Yorkshire Ambulance Service had its busiest-ever weekend for dealing with seriously-ill and injured patients as thousands of emergency calls came in.
On Friday, December 12, it responded to 2,152 incidents, of which 1,046 were prioritised as ‘Red’ - the most serious level of illness or injury.
On Saturday, 1,098 calls from 2,150 were classified as ‘Red’, with a further 1,001 such incidents on Sunday, when a total 2,042 calls were received.
The trust said today that ‘Red’ incidents had accounted for around half of all incidents compared to the usual average of around 40 per cent.
Due to the unprecedented number of 999 calls being received for serious and life-threatening conditions, the trust is appealing to people across the region to only call 999 for an ambulance in an absolute emergency when it is obvious that someone needs time-critical assistance.
Dr David Macklin, executive director of operations at the trust, said: “We are currently receiving hundreds of 999 calls every day to patients with breathing difficulties and other serious conditions. We really need people to use our emergency service wisely so that we keep ambulances available for those patients who need life-saving help.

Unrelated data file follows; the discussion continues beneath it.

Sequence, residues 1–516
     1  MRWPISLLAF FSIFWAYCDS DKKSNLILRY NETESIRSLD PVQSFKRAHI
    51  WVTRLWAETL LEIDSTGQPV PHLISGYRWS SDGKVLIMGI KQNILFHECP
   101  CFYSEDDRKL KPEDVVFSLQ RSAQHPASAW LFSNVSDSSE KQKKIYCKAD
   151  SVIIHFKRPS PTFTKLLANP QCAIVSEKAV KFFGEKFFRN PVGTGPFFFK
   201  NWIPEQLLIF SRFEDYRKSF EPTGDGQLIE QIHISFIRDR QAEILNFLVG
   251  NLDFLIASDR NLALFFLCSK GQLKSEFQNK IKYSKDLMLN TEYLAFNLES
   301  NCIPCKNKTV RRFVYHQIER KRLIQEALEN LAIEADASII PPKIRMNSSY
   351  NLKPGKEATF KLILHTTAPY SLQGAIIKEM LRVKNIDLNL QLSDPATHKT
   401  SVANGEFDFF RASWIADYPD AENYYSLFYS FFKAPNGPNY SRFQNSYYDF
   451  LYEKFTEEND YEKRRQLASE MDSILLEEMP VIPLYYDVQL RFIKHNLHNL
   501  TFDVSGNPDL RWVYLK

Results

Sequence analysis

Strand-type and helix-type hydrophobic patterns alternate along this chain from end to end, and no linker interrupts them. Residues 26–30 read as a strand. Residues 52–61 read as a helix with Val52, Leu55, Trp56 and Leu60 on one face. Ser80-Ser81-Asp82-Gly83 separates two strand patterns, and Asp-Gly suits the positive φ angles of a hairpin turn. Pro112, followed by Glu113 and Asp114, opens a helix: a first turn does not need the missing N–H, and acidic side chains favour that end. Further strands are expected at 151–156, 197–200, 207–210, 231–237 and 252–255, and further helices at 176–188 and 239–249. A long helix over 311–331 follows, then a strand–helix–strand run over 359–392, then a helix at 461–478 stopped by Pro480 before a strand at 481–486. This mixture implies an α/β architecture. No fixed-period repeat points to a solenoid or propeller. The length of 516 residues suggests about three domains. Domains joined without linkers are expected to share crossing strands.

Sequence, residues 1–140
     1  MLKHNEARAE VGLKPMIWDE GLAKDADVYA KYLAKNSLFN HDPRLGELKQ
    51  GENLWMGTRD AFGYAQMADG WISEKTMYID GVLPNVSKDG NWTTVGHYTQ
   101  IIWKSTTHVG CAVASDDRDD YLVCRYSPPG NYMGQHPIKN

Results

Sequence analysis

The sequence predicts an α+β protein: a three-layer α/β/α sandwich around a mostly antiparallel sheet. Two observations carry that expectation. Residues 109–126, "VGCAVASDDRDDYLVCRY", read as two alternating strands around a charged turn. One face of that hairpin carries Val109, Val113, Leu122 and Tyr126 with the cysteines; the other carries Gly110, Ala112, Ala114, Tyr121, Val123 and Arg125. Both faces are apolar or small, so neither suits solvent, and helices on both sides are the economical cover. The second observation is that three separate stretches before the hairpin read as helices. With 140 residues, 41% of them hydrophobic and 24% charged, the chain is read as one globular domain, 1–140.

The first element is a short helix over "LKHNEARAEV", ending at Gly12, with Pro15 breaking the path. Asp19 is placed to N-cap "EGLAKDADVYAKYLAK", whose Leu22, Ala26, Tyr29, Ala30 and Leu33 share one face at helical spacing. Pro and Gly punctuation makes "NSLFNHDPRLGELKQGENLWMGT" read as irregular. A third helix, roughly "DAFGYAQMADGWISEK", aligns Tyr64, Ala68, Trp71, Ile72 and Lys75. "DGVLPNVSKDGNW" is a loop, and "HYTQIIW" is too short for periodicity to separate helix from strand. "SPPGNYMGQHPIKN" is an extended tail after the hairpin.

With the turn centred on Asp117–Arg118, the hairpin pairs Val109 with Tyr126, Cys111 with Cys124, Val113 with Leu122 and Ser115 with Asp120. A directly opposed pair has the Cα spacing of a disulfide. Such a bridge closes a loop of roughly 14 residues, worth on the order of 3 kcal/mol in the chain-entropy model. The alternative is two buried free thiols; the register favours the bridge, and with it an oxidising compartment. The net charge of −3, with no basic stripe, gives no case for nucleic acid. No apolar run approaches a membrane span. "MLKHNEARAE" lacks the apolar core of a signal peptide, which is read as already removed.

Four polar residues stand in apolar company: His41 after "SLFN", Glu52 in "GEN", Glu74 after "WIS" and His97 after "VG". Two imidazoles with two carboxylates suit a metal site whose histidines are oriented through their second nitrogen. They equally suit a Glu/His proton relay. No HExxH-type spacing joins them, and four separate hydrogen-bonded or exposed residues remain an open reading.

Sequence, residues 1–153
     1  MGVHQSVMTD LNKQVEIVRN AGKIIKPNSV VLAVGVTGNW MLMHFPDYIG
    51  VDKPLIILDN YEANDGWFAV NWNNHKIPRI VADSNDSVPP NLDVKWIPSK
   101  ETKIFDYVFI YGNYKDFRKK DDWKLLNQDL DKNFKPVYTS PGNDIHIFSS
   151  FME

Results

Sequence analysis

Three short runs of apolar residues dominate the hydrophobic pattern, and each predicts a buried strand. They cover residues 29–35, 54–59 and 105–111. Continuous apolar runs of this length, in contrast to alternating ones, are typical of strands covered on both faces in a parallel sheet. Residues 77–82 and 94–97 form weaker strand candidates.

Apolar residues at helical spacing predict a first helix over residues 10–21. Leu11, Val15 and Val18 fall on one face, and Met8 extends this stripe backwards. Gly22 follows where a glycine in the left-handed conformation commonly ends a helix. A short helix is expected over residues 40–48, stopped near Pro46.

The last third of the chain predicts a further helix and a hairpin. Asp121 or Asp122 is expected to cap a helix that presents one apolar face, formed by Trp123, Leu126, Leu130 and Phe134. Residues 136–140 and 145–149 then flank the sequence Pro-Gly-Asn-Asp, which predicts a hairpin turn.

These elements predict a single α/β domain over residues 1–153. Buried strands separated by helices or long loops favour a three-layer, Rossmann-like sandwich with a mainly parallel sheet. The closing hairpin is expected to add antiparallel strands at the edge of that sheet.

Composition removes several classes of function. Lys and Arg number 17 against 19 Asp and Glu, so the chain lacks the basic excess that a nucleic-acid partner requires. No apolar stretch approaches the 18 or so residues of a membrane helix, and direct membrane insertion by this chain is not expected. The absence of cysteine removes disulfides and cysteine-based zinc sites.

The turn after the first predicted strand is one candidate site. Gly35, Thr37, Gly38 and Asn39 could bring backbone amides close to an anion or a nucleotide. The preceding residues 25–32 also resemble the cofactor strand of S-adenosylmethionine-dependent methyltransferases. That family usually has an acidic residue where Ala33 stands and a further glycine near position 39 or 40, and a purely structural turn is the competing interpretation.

“Whilst many people do use our emergency service appropriately, some callers could be helped by other more appropriate healthcare services.
“Anyone needing advice and treatment for non-emergencies should consider options such as contacting a local pharmacist or GP surgery, a call to NHS 111 or visit an urgent care centre. In addition, the NHS Choices website provides helpful information and advice on many common conditions, treatments and local services.”
It comes after the trust was fined more than £200,000 by Sheffield Clinical Commissioning Group for delays in reaching seriously-ill or injured patients in the city.
Last week, one 89-year-old woman with a broken wrist had to wait an hour for help.